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FROM THIS EPISODE

Violence escalated overnight in Cairo's Tahrir Square. During the day, journalists from NPR, the Washington Post, New York Times, CNN, al-Jazeera and other news outlets were detained and in some cases roughed up by the pro-government groups. But the new Prime Minister, a recent appointee of Hosni Mubarak, has apologized and promised that forces behind the violence will be held to account. Also, the discovery of more than 1200 new planets that might have life.

Banner image: Foreign journalists and Egyptian anti-government demonstrators take cover behind makeshift shields during clashes with pro-regime opponents (not seen) at Cairo's Tahrir Square on February 3, 2011. Photo: Miguel Medina/AFP/Getty Images

Islam Dot Com

Mohammed el-Nawawy

Producers:
Andrea Brody
Christian Bordal
Sonya Geis

Main Topic Egypt: Ten Days of Disruption and Continued Uncertainty 46 MIN, 2 SEC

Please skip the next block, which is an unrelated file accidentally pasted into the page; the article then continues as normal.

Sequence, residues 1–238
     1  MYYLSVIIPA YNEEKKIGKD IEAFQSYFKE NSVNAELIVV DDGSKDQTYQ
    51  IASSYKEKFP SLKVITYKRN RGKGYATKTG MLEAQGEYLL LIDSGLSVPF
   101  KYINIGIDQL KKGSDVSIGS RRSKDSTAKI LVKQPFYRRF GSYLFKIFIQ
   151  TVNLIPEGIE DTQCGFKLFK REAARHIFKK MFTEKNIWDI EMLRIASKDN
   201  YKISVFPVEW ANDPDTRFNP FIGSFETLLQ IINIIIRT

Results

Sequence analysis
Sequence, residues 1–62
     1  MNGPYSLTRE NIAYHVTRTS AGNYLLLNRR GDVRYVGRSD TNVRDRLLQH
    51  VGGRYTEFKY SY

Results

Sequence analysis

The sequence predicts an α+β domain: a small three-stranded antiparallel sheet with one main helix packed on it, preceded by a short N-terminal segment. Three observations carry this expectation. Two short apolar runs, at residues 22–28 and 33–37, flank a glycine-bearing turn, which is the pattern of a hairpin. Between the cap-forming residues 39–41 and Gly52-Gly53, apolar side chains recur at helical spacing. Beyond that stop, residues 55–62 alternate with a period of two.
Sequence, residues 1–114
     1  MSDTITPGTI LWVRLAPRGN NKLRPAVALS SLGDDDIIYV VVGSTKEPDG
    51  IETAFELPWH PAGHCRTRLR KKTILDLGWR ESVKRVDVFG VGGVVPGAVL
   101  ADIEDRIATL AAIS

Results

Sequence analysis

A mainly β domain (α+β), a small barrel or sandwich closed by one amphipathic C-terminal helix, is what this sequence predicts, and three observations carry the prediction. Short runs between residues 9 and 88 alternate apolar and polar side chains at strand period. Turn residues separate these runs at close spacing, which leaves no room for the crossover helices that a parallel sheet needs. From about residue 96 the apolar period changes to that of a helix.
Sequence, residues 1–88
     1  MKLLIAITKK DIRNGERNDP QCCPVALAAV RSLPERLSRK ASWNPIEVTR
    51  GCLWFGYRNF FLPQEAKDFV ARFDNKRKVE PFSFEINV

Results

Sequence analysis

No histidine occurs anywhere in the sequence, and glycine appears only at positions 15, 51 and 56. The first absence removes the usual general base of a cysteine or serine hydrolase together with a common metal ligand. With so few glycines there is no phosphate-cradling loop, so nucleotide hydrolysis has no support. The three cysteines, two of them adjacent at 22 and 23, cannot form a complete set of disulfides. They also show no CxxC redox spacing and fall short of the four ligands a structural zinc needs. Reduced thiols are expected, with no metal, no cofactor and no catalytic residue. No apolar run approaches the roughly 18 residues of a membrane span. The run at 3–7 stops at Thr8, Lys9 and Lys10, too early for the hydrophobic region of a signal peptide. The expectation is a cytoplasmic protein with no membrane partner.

In Cairo's Tahrir Square today, pro-government forces escalated attacks on anti-government protesters. There have been gunfire and reports of some fatalities. Reporters and camera crews from the international news media are being assaulted and detained, apparently to remove witnesses of the crackdown. At the same time, President Hosni Mubarak's new Prime Minister apologized for the violence, and the army began to separate the battling factions. We talk with residents of Cairo about the disruption of their lives and how a political transition might be accomplished, and hear how the Obama Administration is trying to influence events.

Guests:
Michael Peel, Middle East Correspondent, Financial Times
Jehan Reda, American University in Cairo
Tarek, Resident of Cairo
Mohammed el-Nawawy, Professor of Communication at Queens University
Tarek Masoud, Professor of Public Policy, Harvard University
Steve Clemons, The Atlantic (@SCClemons)

Reporter's Notebook A Plenitude of Planets 4 MIN, 12 SEC

Astronomers are receiving what they've been waiting for from NASA's Kepler planet-hunting satellite: the discovery of new planets in Earth's Milky Way galaxy that might be habitable. Some 1,235 possible planets have been discovered orbiting other stars.  If they're confirmed, that would triple the number of known planets. Lisa Kaltenegger is an astronomer at the Harvard-Smithsonian Center for Astrophysics.

Guests:
Lisa Kaltenegger, Astronomer, Harvard-Smithsonian Center for Astrophysics

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